Oh, and one last thing. Nobody ever considered Jim Press a bad manager, and they never blamed him for Chrysler’s problems. (Everybody knows Daimler is to blame for Chrysler being the mess it currently is). But Rick Wagoner? COME ON! That guy couldn’t even manage a Burger King, yet alone a multinational corporation! It annoys me about how the guy is generally getting a free pass, when his name should go down with the likes of Angelo Mozillo and Richard Fuld in the Bad CEO Hall of Fame. There is no way that GM’s management can get a free pass on this. Ford went through the same crisis as GM, but emerged in one piece because Mulally and his directors actually knew what they were doing.

  • avatar

    An internal tremor quaking the depth of my bowels requires I question if there is ANY way the many TRILLIONS of dollars spent by the USA to arm over the decades for the Cold War, the ongoing HUGE cost for a massive military from 1946 onwards located across the globe, the BIG bucks spent on military research…………

    The costs of wars from small to semi-large ( a HUGE war if you are one of the killed or injured) from Korea to the Berlin Airlift to the Nam to billions of patrol miles for ships and subs and aircraft and… and… and… and…..

    As complex and convoluted as economics is and with ell the intertanglements (is that a word? If not it should be and I hereby proclaim it to be so).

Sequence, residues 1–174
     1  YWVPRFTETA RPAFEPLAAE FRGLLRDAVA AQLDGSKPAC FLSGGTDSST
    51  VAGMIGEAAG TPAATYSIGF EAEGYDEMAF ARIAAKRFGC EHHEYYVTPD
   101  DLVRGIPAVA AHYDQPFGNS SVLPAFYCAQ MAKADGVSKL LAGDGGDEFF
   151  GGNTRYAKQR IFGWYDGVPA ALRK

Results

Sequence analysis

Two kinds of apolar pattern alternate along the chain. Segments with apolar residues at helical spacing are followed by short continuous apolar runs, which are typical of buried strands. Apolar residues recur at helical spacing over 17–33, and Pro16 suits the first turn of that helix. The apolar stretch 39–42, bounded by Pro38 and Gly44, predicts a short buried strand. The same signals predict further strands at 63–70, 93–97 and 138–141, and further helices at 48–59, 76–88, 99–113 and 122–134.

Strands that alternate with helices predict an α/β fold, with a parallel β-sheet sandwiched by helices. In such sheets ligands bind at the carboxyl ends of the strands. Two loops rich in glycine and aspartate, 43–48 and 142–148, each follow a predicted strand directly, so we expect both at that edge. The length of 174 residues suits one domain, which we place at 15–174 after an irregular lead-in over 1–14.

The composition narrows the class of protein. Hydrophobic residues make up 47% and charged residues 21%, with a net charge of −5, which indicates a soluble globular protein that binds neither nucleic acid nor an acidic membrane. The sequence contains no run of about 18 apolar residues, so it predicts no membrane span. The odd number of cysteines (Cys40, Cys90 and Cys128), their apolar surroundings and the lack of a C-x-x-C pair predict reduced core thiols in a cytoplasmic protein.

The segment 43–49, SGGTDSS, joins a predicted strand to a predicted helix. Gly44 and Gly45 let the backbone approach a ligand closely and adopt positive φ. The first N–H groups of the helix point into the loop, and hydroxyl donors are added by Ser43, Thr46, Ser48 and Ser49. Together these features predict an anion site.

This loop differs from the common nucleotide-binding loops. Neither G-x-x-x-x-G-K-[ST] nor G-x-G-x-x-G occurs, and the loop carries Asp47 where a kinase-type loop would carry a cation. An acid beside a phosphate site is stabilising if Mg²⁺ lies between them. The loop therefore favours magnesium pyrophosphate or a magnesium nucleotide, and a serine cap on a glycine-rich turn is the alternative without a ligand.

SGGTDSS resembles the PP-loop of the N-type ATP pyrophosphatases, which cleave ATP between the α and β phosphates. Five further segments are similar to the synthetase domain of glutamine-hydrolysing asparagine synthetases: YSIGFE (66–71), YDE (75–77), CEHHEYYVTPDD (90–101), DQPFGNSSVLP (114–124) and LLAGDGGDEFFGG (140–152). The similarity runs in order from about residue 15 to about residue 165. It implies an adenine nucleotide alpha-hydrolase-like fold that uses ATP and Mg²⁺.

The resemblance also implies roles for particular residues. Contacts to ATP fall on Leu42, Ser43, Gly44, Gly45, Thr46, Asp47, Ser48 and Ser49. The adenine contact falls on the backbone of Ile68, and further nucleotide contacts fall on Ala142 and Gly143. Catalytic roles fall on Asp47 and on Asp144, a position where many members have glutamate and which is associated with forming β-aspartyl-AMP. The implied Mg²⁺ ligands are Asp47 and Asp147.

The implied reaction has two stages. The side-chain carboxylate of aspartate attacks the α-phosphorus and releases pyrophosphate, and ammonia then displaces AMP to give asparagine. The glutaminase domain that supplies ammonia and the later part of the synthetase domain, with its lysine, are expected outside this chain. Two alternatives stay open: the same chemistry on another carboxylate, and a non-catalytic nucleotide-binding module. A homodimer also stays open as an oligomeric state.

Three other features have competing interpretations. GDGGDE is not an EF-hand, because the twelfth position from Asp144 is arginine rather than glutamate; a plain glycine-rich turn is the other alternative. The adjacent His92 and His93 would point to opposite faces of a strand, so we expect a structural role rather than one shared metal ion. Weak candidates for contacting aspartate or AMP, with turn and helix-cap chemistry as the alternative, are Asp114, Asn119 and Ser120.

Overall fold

Others have written how countries shielded by the USA’s “nuclear umbrella” had massive economic savings.

    Surely there HAD to be effects over the decades due to the USA’s interactions across the planet.

    Heck…. peek at the monetary sums used for military costs the past few years.

    What if that money could have been spent within the USA for our OWN good?

    Another factor though smaller than decades of military spending but it especially affects the folks of my class…. those often viewed with no class…. those supposedly unwilling to perform the jobs as spewed by many of my “class enemies” (who would likely be severely pummeled if they had ever confronted me in a street brawl Grrrrrrr)

    The BILLIONS of dollars sent out of the USA economy yearly via illegal aliens earning those funds within the USA and remitted to foreign countries.

    Those are dollars removed from the economy that would have possibly been available for earning by the ever-growing number of working-poor within the USA.


    Maybe THAT’S the answer to our problems!!!!!!

    Outsource every job within the USA that pays more than 25K bucks yearly!!!!!

    The borders ARE open!!!!!

    The world is FULL of intelligent people assuredly capable of performing many to all the tasks within the USA that supposedly require HUGE salaries and HUGE pensions and HUGE perks and those “golden parachutes, etc. etc.

    Look at the overhead that could have been tossed aside decades ago if the “elites” had to contend with those from outside the USA as my lowly spat-upon class of folks have had to contend with.

    There are a multitude of other aspects of SO MANY THINGS that have withered the once dominant “Motor City mob” but to point an accusatory finger at a mere few leaves so much unmentioned.

    Is it even possible to factually ascertain the “real reasons” when the topics involved cover a multitude of economic, social, political, historical etc. etc and more etcetera reasons?

    The world wonders and that is more than the radio message received by a certain admiral steaming northwards away from Leyte.